Daimler argues that Nokia just wants to give the licence to Daimler, but not to its suppliers – thus violating its commitment to license its SEP. Nokia replies that suppliers cannot be considered as having a right to a licence – they would just be able to merely access the technology. To clarify these and other issues, the Court of Düsseldorf referred a set of key questions to the CJEU, including the following:

  • Does it constitute an abuse of a dominant position if a SEP holder, e.g. Nokia, refuses to grant a supplier a licence, but instead takes a patent infringement action against the final product manufacturer, e.g. Daimler, and asks for an injunction?
  • Can SEP owners choose which company in the supply chain to bring to court for patent infringement, with the purpose of obtaining an injunction; is there a fixed set of criteria?
  • Can SEP owners choose to grant FRAND licences just to companies at a certain stage in the manufacturing chain?

 Refusal to license and “networked” products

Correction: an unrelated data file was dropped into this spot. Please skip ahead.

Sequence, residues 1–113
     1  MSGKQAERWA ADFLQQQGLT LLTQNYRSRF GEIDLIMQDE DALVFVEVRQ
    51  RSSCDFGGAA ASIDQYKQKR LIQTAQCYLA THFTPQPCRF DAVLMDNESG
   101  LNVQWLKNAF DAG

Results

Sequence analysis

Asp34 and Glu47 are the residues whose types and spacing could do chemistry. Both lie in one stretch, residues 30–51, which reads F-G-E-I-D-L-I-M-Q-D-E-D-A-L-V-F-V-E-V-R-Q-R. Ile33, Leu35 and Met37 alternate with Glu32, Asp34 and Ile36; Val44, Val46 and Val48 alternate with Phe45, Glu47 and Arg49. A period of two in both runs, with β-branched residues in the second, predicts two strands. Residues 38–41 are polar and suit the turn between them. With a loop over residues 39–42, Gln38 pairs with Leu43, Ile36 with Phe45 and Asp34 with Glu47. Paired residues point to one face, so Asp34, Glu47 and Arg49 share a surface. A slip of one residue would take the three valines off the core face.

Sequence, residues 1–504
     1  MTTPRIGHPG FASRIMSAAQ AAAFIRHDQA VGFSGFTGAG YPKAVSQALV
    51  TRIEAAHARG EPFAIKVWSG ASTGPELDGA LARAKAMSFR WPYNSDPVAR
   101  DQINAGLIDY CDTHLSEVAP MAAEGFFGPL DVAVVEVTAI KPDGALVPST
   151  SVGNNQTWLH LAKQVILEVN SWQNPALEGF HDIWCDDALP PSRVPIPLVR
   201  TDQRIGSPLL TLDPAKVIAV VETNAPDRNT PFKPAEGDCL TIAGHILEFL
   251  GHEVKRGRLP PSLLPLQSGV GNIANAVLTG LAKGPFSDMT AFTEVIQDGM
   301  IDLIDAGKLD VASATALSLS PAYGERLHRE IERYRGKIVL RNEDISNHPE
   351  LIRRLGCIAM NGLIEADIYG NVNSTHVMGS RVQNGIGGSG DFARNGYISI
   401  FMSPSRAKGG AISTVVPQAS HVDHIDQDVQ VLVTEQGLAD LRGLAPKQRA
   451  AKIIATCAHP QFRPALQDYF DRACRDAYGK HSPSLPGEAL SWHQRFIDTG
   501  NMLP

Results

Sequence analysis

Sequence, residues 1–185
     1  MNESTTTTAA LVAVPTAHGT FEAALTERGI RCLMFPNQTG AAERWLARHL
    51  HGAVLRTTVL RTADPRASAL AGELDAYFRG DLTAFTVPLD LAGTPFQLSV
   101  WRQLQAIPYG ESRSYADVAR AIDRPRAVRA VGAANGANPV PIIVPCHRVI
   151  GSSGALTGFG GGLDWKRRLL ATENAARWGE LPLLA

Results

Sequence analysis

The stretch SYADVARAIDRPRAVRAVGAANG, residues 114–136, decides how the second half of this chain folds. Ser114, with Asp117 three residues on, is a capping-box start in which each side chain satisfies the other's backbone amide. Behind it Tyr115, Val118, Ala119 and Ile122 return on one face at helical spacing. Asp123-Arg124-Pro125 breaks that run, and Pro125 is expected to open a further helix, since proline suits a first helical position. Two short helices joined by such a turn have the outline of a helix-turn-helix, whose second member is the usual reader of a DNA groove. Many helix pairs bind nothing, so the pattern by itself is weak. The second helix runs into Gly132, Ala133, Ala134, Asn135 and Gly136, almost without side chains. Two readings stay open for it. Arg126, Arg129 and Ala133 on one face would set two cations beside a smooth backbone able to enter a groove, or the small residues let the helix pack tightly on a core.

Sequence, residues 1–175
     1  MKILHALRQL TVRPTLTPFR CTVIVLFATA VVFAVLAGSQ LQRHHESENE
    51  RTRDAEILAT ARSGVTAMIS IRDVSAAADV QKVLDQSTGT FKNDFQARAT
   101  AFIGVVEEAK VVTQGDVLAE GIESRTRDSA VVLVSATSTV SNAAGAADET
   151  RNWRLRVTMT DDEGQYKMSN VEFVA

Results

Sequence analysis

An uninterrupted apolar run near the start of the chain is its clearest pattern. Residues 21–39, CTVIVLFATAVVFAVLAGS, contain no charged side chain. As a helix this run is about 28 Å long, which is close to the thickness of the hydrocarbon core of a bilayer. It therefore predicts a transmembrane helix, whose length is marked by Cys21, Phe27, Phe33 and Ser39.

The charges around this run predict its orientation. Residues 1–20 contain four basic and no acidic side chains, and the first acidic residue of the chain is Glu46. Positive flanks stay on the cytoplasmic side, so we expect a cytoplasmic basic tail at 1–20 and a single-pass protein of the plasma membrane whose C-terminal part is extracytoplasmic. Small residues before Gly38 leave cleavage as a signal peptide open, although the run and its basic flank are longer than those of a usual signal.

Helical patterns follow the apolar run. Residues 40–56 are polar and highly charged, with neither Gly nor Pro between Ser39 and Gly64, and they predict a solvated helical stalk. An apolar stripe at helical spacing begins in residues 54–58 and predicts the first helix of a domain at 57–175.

Refusals to share intellectual property are not a new phenomenon. When they have occurred in the past, the CJEU and the Commission have been strict in condemning such behaviours as abuse of dominant positions. This occurred in Volvo v Veng (C-238/87) and CICRA v Renault (C-53/87) (both in relation to designs for spare parts), Magill (C-241-242/91) (on copyrighted TV program listings), IMS Health (C-418/01) (in relation to brick structure to develop sales data on pharmaceuticals), Microsoft v Commission (T-201/04) (on information for software interoperability). The latter case is well-known as a big fine was imposed on Microsoft. The CJEU will likely refer to some of these cases when deciding the referral in Nokia v. Daimler and provide further clarifications on SEPs licensing practices and strategies, thus complementing its guidelines in Huawei v ZTE.